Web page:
In Nigeria, where people know how to steal money, with great respect, this is the kind of law they like because you have the opportunity to dive into the money. Even when there is no viable place to explore (for oil), they create such a place in order to get the money. You see why it is a fraud. It is a fraud. It is not meant to help the north, the south, it is not meant to help them. Nothing in the law stops a (oil) company, if they see a viable place, to go for it. You just need a board meeting and showing the ‘ogas’ the viability of such a thing so why make it a law? It is a fraud, a dangerous one.
Second, is it not laughable that you are debating whether you will give someone 3 or 5 per cent on the one that you are seeing, a place where oil is already being gotten and you know the environmental degradation there and you are debating whether you will give the communities 3 or 5 per cent.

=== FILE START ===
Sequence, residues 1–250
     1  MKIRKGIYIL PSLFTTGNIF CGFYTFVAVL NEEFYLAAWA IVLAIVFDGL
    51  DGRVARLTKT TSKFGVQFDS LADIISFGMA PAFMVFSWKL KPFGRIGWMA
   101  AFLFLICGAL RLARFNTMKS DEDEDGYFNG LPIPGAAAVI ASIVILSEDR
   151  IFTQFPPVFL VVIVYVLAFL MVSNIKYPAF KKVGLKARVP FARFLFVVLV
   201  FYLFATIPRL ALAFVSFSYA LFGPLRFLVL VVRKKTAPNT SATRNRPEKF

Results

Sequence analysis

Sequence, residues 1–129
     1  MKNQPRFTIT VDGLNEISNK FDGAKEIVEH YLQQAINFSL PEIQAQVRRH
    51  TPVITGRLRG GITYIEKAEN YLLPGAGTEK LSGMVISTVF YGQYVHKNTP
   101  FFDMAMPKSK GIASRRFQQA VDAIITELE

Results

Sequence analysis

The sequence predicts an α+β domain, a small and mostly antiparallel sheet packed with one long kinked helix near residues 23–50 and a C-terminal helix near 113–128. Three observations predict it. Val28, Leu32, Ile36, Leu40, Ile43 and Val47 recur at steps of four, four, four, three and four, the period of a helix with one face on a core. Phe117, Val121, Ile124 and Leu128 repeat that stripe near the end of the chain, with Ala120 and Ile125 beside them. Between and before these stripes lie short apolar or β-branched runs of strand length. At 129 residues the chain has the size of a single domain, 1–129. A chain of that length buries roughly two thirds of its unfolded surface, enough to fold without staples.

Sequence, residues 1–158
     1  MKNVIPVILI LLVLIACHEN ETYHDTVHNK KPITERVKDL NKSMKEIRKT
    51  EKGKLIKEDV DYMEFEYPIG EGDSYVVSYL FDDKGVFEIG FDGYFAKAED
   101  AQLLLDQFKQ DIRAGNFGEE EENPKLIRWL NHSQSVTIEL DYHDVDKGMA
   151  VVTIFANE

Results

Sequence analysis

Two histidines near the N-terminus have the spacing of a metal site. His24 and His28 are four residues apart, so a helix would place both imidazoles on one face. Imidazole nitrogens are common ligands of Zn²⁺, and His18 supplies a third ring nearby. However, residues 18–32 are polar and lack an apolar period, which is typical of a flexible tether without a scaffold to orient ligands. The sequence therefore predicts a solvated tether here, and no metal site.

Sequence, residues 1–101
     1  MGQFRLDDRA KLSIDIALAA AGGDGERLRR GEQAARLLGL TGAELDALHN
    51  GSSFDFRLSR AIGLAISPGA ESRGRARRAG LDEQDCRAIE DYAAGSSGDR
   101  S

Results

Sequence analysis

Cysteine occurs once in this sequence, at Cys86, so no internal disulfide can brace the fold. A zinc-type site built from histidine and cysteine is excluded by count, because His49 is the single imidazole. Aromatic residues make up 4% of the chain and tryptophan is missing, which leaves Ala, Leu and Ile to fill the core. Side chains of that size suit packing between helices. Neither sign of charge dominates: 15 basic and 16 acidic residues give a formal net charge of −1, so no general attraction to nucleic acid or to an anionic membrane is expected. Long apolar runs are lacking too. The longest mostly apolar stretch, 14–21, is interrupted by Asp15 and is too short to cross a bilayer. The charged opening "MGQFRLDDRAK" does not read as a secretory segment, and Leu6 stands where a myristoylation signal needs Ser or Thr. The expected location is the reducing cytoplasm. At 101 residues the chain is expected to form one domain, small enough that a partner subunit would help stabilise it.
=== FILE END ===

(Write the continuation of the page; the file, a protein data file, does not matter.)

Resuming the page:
And the one you are not seeing; you are appropriating 30 per cent. Assuming without conceding there are even patches of oil there (basins), what is the future of hydrocarbons? The one you are producing now, are you selling all? When there is oil glut, you talk about reducing exports. The world is trying to rule out hydrocarbons, as a source of energy. Electric cars are being considered globally and you know if we also go into the production of electric cars, there will be an oil glut. And you are talking of 30 per cent to search for oil and the one you have; you have not maximised. And you are a poor country borrowing to do everything. And you are earmarking 30 per cent to begin to search for oil when you are not lacking oil. It is a fraud. On the issue of 3 or 5 per cent, it shouldn’t even be debatable…five per cent should be given to the host communities.